The Gladiators of Rome: Blood Sport in the Ancient Empire
The ancient Romans were well known for many things – their engineering marvels, their road networks, and the establishment of Roman law throughout the empire. They were, however, also renowned for their war-like nature. After all, this allowed the Romans to build an empire in the first place. This appetite for violence not only manifested itself in Rome’s imperialist policy, but also in its most well-known sport – the gladiatorial combats.
Two Venatores (those who made a career out of fighting in arena animal hunts) fighting a tiger. Floor mosaic in Great Palace of Constantinople (Istanbul), 5th century. (Public Domain)
It has been suggested that the concept of gladiatorial games has its roots in the Etruscans, the predecessors of the Romans. In Etruscan society, gladiatorial games were supposed to be part of the funerary rituals honoring the dead. Thus, gladiatorial combats originally possessed a sacred significance. Over the centuries, however, these funerary games came to be a form of entertainment, and the earliest Roman gladiatorial combat is said to have taken place in 264 BC.
'The Garden Arbor', 1878, depicting a brutal gladiator battle (Public Domain)
The gladiators were often prisoners of war, slaves, or criminals with a death sentence. The use of Rome’s defeated enemies in these games is reflected in some of the gladiator types, including the Thraex (or Thracian), the Hoplomachus and the Samnite. Thus, gladiatorial combats may be seen as a way for the Romans to re-enact the wars that they had with their conquered subjects. Yet, not all gladiators were forced into the trade.
Despite the hard and precarious life, gladiators were the superstars of their day. The benefits to be found in fighting in the arena – fame, glory and fortune, were strong enough to entice some people to become gladiators voluntarily. (However, the evidence of such citizen gladiators is extremely slim.) It is also recorded that some Roman emperors even participated in gladiatorial games themselves, the most famous of whom was probably the emperor Commodus. The participation of emperors in these games, however, was scorned by some, as gladiators belonged to the lowest of social classes.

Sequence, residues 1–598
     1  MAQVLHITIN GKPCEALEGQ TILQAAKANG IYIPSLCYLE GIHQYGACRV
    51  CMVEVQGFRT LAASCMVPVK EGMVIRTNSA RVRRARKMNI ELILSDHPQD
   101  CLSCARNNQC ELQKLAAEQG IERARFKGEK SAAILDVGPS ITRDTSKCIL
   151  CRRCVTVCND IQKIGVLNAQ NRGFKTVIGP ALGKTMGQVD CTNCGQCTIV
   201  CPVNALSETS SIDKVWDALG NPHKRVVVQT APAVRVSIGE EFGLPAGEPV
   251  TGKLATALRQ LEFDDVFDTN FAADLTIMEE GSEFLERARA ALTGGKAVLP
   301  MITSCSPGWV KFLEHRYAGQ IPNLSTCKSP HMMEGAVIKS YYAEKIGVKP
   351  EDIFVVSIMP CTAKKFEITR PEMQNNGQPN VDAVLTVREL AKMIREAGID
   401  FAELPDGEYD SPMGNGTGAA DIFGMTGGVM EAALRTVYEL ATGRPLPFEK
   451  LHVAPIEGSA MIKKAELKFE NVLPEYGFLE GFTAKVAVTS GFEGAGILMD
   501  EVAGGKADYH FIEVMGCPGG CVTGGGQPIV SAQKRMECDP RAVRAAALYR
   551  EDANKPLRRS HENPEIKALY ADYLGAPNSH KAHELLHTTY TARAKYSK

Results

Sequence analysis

Studies analyzing the teeth of supposed gladiators which have been found in Driffield Terrace, York, UK have also suggested that gladiators generally came from harsh backgrounds. The research shows most of the men were extremely malnourished as children and likely came from disadvantaged homes. Their remains show the poor men were well fed and adapted to battle later in life – possibly so they would be stronger and more impressive looking combatants in the gladiatorial games.
Despite the low social status of gladiators, they had the potential to gain the patronage of the upper classes, even that of the emperor himself. According to Suetonius, the emperor Nero awarded a gladiator, Spiculus, with houses and estates worthy of generals returning triumphantly from a war. Regardless of the authenticity of his claim, Suetonius intended to highlight the extravagant nature of the emperor by demonstrating that Nero was willing to shower a presumably lower classed individual with such expensive gifts.
Carving showing a Roman Emperor presiding over gladiatorial games. (Sailko/CC BY SA 3.0)
Whilst the story of Spiculus may be an extreme case, assuming that it was true, gladiators were indeed valuable assets to their “owners”. The more victories a gladiator won the more valuable he was. The popularity of victorious gladiators is evident in the surviving graffiti on walls in Rome and other cities where such games were held. Some of the graffiti reveal the number of victories a gladiator had: Petronius Octavius 35, Severus 55, Nascia 60, whilst others suggest that gladiators were quite popular with the women: ‘Crescens, the net fighter, holds the hearts of all the girls’, and ‘Caladus, the Thraecian, makes all the girls sigh’.
Stele for the gladiator Urbicus, from Florence, killed after 13 fights aged 22, in the mid-3rd century. In the inscription the man is mourned by his wife of 7 years, Lauricia, and by his two daughters, Olympia and Fortunensis. The inscriptions warns obscurely "the one who kills the winner", adding that Urbicus' fans (amatores) would keep his memory alive. (No Copyright Restrictions)
By the 4th century AD, the popularity of gladiatorial games was in a decline, as the Roman Empire adopted Christianity as its official religion. It was, however, only in 404 AD that gladiatorial games were altogether banned by the emperor Honorius due to the martyrdom of St. Telemachus. According to the historian Theodoret, Telemachus was a monk who came to Rome from Asia Minor. During one of the gladiatorial games in the city, Telemachus leapt into the arena to stop two gladiators from fighting. The spectators, who were obviously unhappy with Telemachus’ action, proceeded to stone the monk to death. However, one form of gladiatorial games, the venationes (wild animal hunts), continued for another century.
Telemachus stops two gladiators from fighting. (Candle in a Cave)
Top Image: Dramatic painting portraying gladiators in the arena. Jean-Léon Gérôme's 1872. Source: Public Domain
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